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Voting Age

Filed under: General — Downunder @ 10:39 am Mon 2nd October 2017

If you are a student of recent history you would know, it is not that long ago that the voting age was set at 21 years of age.

More recently it was reduced to 18 years of age.

The three year difference brings in another quarter-of-a-million, or there abouts, young minds into the political void.

In the age of entitled youth, meaningless funding of often futile education and fictional skills, should we consider OUR disrupted children are,

a capable of voting
b in need of care and protection from political mischief

Does anything really think a Commissioner for children would have an eye out for politicians misleading young voters?

Where are the guarantees that children won’t be subjected to subtle political violence when political forces and mischievous politicians troll through our schools.

When teachers want to abandon the profession because of violence and disrespect, who is teaching our children political awareness?

In a country were so few children know their fathers, let alone any balancing political view, should men be demanding a rise in the voting age, and if so, what age?


  1. Hummm

    I don’t consider 43 years ago (1974 it changed from 21 to 18) as more recent times.

    At 18 you can

    1. Be drafted to go to war.

    2. Buy booze.

    3. Drink at a pub.

    4. Go to prison for life.

    5. Fly a plane (from the age of 16)

    6. Start your training to be a police officer.

    And lots of other stuff.

    At 18 years of age you know how to choose. And the above applies to both male and female.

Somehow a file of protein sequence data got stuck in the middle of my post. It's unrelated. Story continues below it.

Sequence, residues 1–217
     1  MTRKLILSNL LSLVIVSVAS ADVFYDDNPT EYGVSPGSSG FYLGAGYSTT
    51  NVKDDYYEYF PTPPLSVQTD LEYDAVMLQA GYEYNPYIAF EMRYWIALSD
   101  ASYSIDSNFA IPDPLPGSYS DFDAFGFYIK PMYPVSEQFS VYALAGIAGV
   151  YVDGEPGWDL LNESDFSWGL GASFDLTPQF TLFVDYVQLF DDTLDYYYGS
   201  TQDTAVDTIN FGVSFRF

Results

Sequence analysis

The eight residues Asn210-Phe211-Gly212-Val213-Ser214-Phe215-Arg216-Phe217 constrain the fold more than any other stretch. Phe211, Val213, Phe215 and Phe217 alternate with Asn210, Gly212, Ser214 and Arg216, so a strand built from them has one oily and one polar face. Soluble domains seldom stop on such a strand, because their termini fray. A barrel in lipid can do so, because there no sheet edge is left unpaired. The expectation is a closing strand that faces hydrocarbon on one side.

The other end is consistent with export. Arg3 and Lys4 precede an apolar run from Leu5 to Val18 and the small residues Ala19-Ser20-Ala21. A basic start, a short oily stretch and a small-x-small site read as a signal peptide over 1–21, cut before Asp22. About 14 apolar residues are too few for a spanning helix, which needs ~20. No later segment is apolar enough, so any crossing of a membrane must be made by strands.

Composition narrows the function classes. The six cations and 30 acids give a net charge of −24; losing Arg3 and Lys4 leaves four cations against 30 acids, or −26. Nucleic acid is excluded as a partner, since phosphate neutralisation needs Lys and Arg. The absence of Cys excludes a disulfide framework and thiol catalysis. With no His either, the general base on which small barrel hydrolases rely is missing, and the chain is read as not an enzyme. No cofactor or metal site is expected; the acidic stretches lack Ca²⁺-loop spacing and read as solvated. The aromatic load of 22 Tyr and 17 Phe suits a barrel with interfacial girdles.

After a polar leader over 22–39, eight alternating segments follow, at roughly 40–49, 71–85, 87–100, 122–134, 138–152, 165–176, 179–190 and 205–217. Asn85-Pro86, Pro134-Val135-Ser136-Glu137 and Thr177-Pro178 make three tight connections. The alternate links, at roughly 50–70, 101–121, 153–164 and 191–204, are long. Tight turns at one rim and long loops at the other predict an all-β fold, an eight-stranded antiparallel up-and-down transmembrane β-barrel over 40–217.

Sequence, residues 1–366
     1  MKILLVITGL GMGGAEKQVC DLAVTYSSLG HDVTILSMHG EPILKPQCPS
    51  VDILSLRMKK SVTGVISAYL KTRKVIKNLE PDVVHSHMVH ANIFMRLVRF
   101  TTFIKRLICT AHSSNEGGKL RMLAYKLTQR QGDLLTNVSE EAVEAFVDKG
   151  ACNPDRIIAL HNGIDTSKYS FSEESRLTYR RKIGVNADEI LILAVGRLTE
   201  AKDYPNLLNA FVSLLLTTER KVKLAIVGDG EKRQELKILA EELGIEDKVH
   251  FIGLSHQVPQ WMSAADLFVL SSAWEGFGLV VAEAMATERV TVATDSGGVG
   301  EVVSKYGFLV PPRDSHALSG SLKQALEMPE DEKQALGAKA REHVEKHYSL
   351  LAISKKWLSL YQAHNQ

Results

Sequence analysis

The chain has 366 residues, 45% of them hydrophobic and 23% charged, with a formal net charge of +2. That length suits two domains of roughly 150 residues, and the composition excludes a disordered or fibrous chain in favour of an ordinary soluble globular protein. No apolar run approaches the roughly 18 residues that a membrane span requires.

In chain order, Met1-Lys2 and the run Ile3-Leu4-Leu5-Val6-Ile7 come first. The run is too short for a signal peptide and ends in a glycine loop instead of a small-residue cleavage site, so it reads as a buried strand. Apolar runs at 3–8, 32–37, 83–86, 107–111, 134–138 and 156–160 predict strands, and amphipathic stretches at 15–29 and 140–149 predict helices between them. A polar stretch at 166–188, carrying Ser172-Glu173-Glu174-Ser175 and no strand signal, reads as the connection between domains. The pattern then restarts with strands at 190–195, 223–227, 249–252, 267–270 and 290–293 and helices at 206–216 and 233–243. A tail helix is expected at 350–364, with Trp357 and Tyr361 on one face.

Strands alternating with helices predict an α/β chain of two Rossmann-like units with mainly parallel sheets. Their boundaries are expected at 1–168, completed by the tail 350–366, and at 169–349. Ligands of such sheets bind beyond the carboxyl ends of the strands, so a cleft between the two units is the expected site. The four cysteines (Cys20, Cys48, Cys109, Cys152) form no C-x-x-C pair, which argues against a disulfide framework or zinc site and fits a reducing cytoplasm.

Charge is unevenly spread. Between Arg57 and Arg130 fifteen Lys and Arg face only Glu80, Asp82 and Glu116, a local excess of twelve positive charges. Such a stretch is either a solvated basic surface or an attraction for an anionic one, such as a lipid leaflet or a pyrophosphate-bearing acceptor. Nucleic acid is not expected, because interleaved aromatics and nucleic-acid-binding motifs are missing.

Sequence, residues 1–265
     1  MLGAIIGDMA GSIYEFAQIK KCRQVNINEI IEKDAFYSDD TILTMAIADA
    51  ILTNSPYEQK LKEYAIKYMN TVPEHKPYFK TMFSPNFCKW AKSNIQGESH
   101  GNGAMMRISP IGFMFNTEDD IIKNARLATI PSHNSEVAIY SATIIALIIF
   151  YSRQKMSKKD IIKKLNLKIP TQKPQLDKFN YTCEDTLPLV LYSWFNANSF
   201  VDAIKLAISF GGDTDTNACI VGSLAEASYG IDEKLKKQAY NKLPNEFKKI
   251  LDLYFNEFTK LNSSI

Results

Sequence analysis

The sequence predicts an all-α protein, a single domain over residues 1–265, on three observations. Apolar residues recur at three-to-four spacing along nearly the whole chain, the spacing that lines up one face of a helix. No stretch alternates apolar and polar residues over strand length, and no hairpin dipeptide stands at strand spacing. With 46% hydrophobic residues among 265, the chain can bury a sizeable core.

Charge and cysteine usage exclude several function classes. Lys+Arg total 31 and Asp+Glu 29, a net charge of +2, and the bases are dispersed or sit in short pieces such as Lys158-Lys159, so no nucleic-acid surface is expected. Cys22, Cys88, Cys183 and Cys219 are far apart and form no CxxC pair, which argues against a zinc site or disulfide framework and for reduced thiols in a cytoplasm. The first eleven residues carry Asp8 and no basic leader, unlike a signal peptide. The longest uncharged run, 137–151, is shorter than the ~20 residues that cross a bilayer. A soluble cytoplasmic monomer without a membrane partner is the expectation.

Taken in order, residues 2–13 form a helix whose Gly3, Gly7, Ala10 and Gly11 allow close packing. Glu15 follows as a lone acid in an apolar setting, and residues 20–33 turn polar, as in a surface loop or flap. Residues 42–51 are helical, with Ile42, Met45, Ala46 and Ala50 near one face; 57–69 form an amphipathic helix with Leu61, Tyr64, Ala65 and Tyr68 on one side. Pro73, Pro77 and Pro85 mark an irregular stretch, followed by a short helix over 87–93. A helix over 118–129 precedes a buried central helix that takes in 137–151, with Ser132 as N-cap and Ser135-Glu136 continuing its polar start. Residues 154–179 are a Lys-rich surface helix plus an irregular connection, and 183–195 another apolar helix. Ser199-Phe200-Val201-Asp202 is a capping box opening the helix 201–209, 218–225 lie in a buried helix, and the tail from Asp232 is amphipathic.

So I consider at 18 you should be able to vote for the party and local MP in your area.

    Bearing in mind, if you were 17 at the date of the election, your first vote would be when you are 20.

    And as for politicians trolling through schools? WTF are you on about? You leave school when you are 18.

    The only risk is teachers who may spin their own political view either left or right rather than an equal stance on each of the political parties. And on that point most of the teachers are female and their attitude or bearing may be coloured to vote for a female MP or PM rather than the policy.

    Comment by Lukenz — Sun 8th October 2017 @ 11:32 pm

  2. @LukeNZ I do consider the 1974 voting change recent history.

    Many people who voted for the first time then, will still be alive today. Discussions in the past have told me that at that time, first time voters, voted on the advice or direction of other people, friends, employers, relatives – that they had not formed a decision themselves based on the information at hand.

    While some, although I would suggest not many of today’s youth, show a great interest in voting, I find the younger generation not having any significant political interest until at least their mid twenties.

    Does that simply leave a whole bunch of young minds vulnerable to voting vulchers?

    As a child I never saw a politician in a school. I noticed particularly during the Clark era and presumably since, they have infested themselves into the educational forums, and much like a troll, with the intention of creating an emotional response, rather than a politicaly neutral and informed position that a school should offer, and did during my education.

    Comment by Downunder — Mon 9th October 2017 @ 6:18 am

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